December 19, 2019 at 08:44 pm

Nice write up again Dusty. You are the man this year. I love this stuff.

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Sol's picture

December 19, 2019 at 09:11 pm

I really enjoy your in-depth breakdown of plays, are you sure your not a coach? I sometimes watch the coaches film on the NFL Chanel and you always see things I don't, keep up the good work.

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Bearmeat's picture

December 20, 2019 at 06:29 am

Thanks again - this is one of my "must reads" every week!

I will say, the thing that was most encouraging was seeing the All-22 with ARod going through all FIVE of his progressions in the last mesh within 4 seconds. And then dealing the ball without hesitation to the right option. Too bad Allison has stone hands...

On the 4th and 6, did you notice that the mesh running towards the top of the screen (is that Lazard? I can't tell) is about to bust WIIIIIDE open. And ARod goes to Davante on a much lower percentage throw 25 yards down the field. Between Davante, Allison and Graham, it's so frustrating to see the design of the play work, but ARod trying to play superhero ball. THIS IMO is what is wrong with our offense.

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PatrickGB's picture

December 20, 2019 at 09:48 am

Nice write up dusty. But it looks to my untrained eye that often it doesn’t work. I am not sure why except that it also looks like that it brings a lot of defenders with it to the spot that you want to throw to.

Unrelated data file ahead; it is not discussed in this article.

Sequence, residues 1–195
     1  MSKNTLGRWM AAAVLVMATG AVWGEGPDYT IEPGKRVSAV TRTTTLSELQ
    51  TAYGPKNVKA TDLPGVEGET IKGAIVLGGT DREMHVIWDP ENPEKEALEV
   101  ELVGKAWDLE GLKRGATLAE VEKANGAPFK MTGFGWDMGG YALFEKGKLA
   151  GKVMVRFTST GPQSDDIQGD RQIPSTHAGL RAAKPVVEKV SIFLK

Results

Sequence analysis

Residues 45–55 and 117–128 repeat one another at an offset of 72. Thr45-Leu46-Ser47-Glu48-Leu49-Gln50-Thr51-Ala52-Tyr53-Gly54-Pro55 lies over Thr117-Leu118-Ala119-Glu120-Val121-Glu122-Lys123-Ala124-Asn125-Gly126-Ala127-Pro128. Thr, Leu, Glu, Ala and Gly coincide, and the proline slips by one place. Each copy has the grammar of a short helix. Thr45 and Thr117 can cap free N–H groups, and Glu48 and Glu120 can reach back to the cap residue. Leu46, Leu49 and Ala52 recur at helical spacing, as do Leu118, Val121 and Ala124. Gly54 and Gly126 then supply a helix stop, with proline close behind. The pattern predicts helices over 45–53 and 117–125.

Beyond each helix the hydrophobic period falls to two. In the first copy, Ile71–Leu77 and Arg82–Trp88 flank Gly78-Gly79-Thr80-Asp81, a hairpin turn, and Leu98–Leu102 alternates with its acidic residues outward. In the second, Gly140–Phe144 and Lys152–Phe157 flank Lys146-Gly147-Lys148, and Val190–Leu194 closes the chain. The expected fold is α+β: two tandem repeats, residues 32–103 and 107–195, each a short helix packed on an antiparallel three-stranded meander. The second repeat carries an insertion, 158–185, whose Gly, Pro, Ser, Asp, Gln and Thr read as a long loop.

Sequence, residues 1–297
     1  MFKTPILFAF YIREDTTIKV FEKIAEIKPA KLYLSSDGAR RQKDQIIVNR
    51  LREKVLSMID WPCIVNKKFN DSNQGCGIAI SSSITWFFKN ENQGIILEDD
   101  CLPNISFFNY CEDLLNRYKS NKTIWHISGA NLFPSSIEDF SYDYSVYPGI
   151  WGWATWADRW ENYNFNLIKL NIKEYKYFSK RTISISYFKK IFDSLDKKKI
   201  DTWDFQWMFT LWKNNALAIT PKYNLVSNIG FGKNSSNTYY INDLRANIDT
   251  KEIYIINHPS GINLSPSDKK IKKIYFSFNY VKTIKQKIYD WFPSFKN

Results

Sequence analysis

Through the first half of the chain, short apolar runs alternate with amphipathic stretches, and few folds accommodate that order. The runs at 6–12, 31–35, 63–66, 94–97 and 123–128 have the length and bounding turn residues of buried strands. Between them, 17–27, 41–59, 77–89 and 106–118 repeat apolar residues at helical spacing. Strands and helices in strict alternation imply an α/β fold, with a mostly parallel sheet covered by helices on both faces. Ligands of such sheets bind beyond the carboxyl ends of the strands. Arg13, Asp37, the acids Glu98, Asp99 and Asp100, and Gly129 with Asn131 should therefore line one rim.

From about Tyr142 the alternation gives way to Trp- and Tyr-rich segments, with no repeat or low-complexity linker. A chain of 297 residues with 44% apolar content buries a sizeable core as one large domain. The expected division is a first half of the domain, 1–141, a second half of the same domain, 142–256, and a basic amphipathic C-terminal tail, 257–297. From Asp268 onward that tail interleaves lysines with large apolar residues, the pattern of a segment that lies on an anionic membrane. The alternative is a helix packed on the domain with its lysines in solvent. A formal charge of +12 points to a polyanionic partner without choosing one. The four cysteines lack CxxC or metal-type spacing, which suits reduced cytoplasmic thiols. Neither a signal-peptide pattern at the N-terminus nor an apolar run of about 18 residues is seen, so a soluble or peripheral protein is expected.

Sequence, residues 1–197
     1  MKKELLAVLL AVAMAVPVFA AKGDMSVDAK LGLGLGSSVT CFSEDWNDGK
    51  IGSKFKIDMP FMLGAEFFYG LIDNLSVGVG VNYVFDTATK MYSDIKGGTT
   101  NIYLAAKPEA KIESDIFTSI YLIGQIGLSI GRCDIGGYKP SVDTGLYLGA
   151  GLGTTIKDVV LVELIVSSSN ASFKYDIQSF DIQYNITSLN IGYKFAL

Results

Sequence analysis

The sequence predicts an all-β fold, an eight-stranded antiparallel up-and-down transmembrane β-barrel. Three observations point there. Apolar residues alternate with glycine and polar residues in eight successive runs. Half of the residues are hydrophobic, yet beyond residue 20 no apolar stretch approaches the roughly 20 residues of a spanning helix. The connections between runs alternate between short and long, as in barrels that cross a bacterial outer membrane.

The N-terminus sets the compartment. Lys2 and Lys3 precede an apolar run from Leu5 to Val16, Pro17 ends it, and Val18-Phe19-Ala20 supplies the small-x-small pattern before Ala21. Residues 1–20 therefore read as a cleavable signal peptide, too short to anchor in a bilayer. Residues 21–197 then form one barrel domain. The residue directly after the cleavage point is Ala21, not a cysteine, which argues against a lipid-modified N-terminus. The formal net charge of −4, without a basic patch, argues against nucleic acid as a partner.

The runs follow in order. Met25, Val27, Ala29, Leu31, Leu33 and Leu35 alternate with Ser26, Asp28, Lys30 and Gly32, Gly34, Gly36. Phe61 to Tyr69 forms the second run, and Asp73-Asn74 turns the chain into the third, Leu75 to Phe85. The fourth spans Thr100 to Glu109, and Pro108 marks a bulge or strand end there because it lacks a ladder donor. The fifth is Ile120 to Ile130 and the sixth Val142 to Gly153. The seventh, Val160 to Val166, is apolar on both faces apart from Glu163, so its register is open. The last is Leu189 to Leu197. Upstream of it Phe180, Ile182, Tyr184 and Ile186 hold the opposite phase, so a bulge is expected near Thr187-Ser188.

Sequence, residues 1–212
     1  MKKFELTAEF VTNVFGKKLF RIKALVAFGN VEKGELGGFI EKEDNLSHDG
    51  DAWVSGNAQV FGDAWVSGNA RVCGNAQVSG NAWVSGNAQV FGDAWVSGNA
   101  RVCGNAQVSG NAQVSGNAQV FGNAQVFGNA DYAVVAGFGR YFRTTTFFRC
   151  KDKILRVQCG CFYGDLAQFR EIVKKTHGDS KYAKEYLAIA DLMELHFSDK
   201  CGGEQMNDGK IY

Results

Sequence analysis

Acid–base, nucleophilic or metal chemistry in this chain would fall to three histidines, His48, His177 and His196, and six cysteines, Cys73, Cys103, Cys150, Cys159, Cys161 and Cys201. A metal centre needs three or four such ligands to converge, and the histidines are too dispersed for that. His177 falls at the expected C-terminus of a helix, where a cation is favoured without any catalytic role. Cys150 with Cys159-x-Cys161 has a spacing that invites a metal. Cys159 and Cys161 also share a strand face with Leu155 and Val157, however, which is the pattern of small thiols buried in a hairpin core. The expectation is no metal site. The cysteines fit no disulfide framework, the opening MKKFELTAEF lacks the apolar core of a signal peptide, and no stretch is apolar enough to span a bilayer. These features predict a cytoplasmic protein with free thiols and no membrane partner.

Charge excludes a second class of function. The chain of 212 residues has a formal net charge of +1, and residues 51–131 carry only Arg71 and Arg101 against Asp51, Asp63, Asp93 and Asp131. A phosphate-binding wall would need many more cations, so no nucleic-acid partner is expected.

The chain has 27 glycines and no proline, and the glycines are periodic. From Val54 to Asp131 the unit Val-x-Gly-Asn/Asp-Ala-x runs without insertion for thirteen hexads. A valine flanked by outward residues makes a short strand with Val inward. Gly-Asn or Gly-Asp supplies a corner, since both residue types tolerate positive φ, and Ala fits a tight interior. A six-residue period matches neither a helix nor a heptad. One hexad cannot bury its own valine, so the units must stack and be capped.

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Matt Gonzales's picture

December 20, 2019 at 03:15 pm

Always love these breakdowns, Dusty.

I do have a question for you, though - you mention in every article where the mesh comes up that a proper mesh has the receivers crossing close enough to make contact with each other. But, in the videos, it seems like the GB receivers are nowhere near each other, either being off a few yards in depth or a second in timing. It seems like this eliminates some of the effectiveness of the concept, since it lets the defensive players pass off coverage pretty effectively if it's in a zone, and creates clear lanes for man defenders to stay with their receivers.

So, am I actually seeing what I think I'm seeing? Is there a reason that necessitates these looser meshes like wanting to avoid OPI calls for illegal pick plays, or is this just a timing/execution thing, or am I missing something else entirely? We're the Bears this week just THAT good at jamming receivers that they threw off the timing every time the play was run?